Friday 25 March 2022

A Coffee Pilgrimage to Room 43a of the British Museum


Love is like the coffee of the Bedouin, bitter yet beautiful. - Arab saying

 We think we like coffee, that we have a coffee culture — really?  A cappuccino in a plasticized paper cup or any later than breakfast time is an abomination.  Even worse is the “Latte”, a child’s drink of warm milk with a memory of coffee.  It is a sort of homeopathic version of coffee.  What we want is the strong, aromatic coffee of Islam.

Come with me on a pilgrimage to the Levant and Arabia, where Sufis, Bedouin and Ottomans have perfected and celebrated the art of coffee since the 1300s.  Travel is still a bit tricky but we can do all this in Room 43a of the British Museum where a free exhibition “Life in a Cup. Coffee Culture in the Islamic world” is on until 18 September 2022.  The exhibition is small but intense, rather as coffee should be.   British Museum

Sufis in the Yemen in the late 1300s discovered coffee’s properties. Coffee warded off sleep and enhanced their mystical experience. Coffee reached Istanbul by the early 1500s.  There, the preparation and consumption of coffee became an art form.  The exhibition introduces us to the Sultan’s coffee maker, not a Nespresso machine but an elegant person in a rose-pink silk robe and turban.  The Cavehdgi Bachi presents a tray of coffee covered with an embroidered coffee-cosy.  Levantine coffee drinkers dismiss a coffee with no foam as of poor quality and look down on the skills of the coffee maker.  I doubt if the Cavehdgi Bachi ever took the risk of presenting the Sultan with a poorly foamed coffee.

By the 1600s, people from Morocco to India were drinking coffee.  In the courts and mansions of Istanbul, drinking coffee was a refined activity as we can see from the lustre porcelain cups they used.  The exquisite patterns would have emerged to delight the eye as people sipped their coffee. Some of the porcelain was imported from Japan and China along the Silk Road trading routes.  In rural Yemen, they used more humble earthenware cups that have their own beauty.  We can tell they were cherished from the lovingly woven baskets they used to carry them.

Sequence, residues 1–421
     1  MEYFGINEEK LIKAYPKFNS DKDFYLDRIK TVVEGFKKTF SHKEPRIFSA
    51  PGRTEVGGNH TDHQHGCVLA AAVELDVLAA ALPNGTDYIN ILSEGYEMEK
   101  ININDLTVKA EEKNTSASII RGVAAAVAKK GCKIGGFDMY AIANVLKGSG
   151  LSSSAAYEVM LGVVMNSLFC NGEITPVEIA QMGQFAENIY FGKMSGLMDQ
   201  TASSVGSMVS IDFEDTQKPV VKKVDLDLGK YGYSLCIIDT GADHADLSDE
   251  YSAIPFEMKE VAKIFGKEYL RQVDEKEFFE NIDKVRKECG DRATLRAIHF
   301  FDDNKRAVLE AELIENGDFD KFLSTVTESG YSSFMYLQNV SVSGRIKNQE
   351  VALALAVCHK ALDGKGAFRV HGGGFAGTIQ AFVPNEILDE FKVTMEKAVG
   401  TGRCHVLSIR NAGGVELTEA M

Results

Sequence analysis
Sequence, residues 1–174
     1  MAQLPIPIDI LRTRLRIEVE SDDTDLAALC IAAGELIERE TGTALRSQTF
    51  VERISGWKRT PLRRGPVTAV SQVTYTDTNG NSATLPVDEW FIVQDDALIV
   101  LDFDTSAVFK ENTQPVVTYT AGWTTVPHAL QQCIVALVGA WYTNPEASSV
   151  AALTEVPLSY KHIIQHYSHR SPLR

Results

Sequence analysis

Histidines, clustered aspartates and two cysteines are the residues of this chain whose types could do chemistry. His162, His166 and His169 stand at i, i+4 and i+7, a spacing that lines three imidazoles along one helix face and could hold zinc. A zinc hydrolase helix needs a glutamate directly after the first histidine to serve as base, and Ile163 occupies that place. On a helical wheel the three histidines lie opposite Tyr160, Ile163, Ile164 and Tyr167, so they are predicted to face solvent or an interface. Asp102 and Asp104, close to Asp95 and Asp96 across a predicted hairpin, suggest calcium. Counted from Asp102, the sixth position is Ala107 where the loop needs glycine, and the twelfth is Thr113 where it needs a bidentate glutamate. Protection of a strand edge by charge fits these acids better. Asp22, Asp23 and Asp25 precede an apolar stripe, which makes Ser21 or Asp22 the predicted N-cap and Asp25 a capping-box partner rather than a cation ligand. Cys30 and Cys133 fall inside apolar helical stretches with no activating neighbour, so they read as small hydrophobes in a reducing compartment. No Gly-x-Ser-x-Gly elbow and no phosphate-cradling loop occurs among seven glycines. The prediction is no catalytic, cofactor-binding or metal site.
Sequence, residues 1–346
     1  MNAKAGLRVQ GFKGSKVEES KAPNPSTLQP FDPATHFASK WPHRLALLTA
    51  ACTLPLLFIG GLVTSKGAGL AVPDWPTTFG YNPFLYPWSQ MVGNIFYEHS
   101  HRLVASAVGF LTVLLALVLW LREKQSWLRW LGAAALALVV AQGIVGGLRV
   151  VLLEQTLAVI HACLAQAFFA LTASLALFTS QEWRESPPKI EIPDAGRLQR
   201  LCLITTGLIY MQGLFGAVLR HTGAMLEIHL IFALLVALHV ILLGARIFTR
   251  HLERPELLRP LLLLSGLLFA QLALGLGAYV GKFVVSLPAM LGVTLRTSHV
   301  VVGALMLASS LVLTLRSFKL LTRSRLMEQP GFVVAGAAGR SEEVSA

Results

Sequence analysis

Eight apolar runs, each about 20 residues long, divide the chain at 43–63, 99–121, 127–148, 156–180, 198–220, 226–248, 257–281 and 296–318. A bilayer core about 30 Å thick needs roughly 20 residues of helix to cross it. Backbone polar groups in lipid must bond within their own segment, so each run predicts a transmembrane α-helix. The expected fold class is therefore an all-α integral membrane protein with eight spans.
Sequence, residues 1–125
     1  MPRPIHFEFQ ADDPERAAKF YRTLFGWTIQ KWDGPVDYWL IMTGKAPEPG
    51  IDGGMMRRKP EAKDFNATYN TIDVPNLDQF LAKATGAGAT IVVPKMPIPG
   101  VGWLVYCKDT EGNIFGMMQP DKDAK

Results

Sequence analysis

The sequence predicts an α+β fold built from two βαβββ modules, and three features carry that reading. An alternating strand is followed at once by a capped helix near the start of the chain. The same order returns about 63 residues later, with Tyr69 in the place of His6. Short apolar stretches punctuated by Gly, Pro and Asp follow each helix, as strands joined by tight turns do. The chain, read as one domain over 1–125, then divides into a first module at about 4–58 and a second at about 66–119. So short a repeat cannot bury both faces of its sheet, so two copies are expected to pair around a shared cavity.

Sir David Wilkie, who travelled in Istanbul, Izmir, Jerusalem and Alexandria in the 1840s, was a keen observer of the coffee culture.  He came to realise that what he thought was time wasting (he must have been amazed at how long the five or six sips in a Turkish coffee cup can be made to last) was time spent building social relationships.  

Postcards in the exhibition show that women enjoyed coffee too but I have the impression that men and women did not drink coffee together. Some years ago, I was travelling in the Sahara with my wife, Adrienne. We went into a small coffee shop in the oasis town of Siwa.  I sensed a tension as soon as I ordered. I had not noticed that only men were present.  The presence of a woman unsettled them though Arab hospitality prevailed. There were no such worries when we went to the Al Nofara coffee shop in the al-Hamidiyeh Souk in Damascus to listen to Abu Sadi tell his stories.  In modern Damascus, the sexes, the young and the old mixed happily. I have written about that experience in another post. The Story Teller of Damascus

Coffee is a sensory pleasure.  The Egyptians and Syrians say that tobacco without coffee is like a Sultan without his fur coat. All fur coat and no baccy?

Coffee reached London in 1652 with the celebrated Pasqua Rosée, who founded the Capital’s first coffee shop. Its successors would go on to be the seedbeds of the Enlightenment.  People like coffee shops and enjoy conversations.  Even as early as 16th Century the authorities in Mecca, followed by Cairo and Damascus, tried to ban coffee shops.  They failed of course; the people and commerce prevailed.  In Istanbul, by the late 1800s, coffee shops became places where families could enjoy shadow puppets performances and, as I had done in Damascus, story telling.

The European powers took hold of coffee, set up plantations in Brazil, Kenya and elsewhere.  Coffee became a global commodity.  Italy and, from there, America developed their own methods of brewing and consuming coffee.  The new coffee culture spread back to its heartland.  There are 47 Starbucks outlets in Istanbul.  They do serve Turkish coffee but you will do very much better in any street café, where you will enjoy not just the coffee but also the experience of an ancient tradition.

Within five minutes of leaving the British Museum, I found a Turkish café and enjoyed a proper coffee before setting off for the famous Algerian Coffee Stores in Old Compton Street.  Algerian Coffee Store

Enjoy this quiet exhibition at the British Museum.


  1. What a pleasure to read you have the art of writing and your posts always put a smile on my face! :-)

  2. Thank you, you have made my day.